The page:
Edit ModuleShow Tags

The Pre-K for PA Campaign

The grass roots movement for accessible, high-quality preschool for all Pennsylvania kids



(page 1 of 2)

When Tonja Claxton’s daughter started Kindergarten this past school year, she was well prepared. After attending a state-funded preK program for two years, school was nothing new.

“I’m thankful that my child was exposed to an amazing curriculum in pre-Kindergarten,” says the Philadelphia mom, who says she could not have afforded preschool without financial assistance. “As a low-income parent and single mother, I knew that early childhood education was important, and I noticed a difference between my child’s development with a supportive system and without.”

Because Claxton believes that every child, regardless of family income, should have that same advantage, she now advocates for early childhood education as a volunteer for Pre-K for PA.

Universal vision: High-quality pre-K for all

Pre-K for PA, a coalition backed and led by experts from 10 major statewide and regional educational organizations (see “Who’s Behind Pre-K for PA”), began in January as a way to use the 2014 election season to promote its mission of expanded access to high-quality preschool. The group will not endorse specific candidates; instead, it hopes to spread word of its vision through grass roots tactics. Its ultimate goal is to ensure that every 3- and 4-year-old in the state is able to enroll in a preK program of substance — one that entails a strong curriculum taught in a safe environment by highly trained teachers.

In Pennsylvania, 70 percent of preschool-aged kids currently do not have access to high-quality preschool, states Pre-K for PA field director Anne Gemmell. This is often because many families earn too much to qualify for state- or federally funded programs but too little to afford the expense on their own. Reducing that statistic, Gemmell notes, would give students a higher chance of future success.

Once kids reach elementary school age, “You’ve got increasing pressure on students to reach certain benchmarks, and there’s a lot of debate around the Common Core and increased standards, but there’s not enough substantive conversation about investing in those important early years,” Gemmell says.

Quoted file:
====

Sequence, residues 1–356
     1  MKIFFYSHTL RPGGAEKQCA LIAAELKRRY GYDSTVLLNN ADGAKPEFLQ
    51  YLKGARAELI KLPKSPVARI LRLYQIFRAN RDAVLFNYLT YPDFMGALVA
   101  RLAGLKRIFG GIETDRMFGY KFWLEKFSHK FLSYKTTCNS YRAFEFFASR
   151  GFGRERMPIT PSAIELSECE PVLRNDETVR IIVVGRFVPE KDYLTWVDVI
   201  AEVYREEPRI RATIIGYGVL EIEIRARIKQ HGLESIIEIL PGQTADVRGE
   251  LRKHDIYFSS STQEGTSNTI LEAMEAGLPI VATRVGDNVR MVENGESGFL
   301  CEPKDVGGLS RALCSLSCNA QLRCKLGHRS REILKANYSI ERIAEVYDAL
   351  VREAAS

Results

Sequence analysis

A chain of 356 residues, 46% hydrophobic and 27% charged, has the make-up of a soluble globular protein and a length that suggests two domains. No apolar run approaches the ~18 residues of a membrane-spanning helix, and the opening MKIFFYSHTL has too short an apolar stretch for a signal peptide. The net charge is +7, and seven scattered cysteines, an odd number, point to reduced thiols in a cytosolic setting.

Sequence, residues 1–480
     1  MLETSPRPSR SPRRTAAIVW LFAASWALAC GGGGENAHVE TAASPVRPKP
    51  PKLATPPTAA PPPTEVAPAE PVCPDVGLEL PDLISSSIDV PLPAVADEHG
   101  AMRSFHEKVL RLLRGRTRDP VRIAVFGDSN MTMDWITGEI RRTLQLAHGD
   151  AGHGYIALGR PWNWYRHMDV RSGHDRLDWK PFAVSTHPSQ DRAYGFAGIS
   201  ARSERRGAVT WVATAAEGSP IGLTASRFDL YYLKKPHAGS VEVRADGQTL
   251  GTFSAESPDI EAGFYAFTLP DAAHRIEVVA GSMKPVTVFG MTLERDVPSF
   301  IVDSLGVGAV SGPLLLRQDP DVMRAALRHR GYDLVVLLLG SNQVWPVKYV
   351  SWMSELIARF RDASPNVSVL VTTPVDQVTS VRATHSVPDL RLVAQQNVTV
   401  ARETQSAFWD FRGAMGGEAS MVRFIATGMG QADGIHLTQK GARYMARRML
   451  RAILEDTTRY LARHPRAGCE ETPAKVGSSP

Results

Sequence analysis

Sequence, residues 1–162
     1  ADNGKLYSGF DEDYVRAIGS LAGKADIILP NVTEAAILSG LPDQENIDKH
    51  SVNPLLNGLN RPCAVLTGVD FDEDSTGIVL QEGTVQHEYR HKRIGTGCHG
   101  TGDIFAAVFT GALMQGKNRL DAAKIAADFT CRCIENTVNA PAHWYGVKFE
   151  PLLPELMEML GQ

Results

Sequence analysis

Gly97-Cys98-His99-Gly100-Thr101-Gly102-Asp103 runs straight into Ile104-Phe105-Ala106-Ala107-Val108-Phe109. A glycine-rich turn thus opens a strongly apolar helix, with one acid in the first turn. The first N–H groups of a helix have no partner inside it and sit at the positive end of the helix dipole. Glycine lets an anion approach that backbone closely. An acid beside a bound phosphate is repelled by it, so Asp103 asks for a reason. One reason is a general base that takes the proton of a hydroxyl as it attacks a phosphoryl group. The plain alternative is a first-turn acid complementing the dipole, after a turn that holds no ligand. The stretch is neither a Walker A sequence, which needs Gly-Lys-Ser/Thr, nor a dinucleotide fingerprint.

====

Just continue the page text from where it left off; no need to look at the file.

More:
Next page: how to get involved at the grass roots

Edit ModuleShow Tags

Related Content

No More Grocery Wars

Does taking the kids to the grocery story make you crazy? Find out how to survive the experience with your sanity intact.

Enjoy the Terrific Twos

Don't believe the hype about the terrible twos! Discover how to enjoy this age of inquisitiveness and growing independence.

Go Tech-Free at Summer Camp

Many camps restrict campers' use of smartphones and other electronic devices. How can you get your child ready to separate from technology?

Add your comment:
Edit ModuleEdit ModuleShow Tags

Edit ModuleShow Tags

Edit ModuleShow Tags


MK Memo

MK Memo: Moms Know
How to Talk to Children about Disabilities

How to Talk to Children about Disabilities

Encourage inclusion and acceptance by teaching your child to understand differences

Comments

Game Review: Moms Confess

Game Review: Moms Confess

Gather some friends during your kid's sports practice or for an moms' night out and play this fun game that reveals your parenting successes and challenges

Comments

5 Tips to Help Kids Spot Fake News

5 Tips to Help Kids Spot Fake News

Teach your kids how to distinguish facts from opinions

Comments

LEGOLAND Discovery Center Coming to Philadephia

LEGOLAND Discovery Center Coming to Philadephia

Get all the details about the area's newest attraction and its grand opening!

Comments

Create Healthier Tech Habits for Kids

Create Healthier Tech Habits for Kids

Get your kids' tech use under control and teach them to to police it better themselves

Comments

Edit ModuleShow Tags

{/if}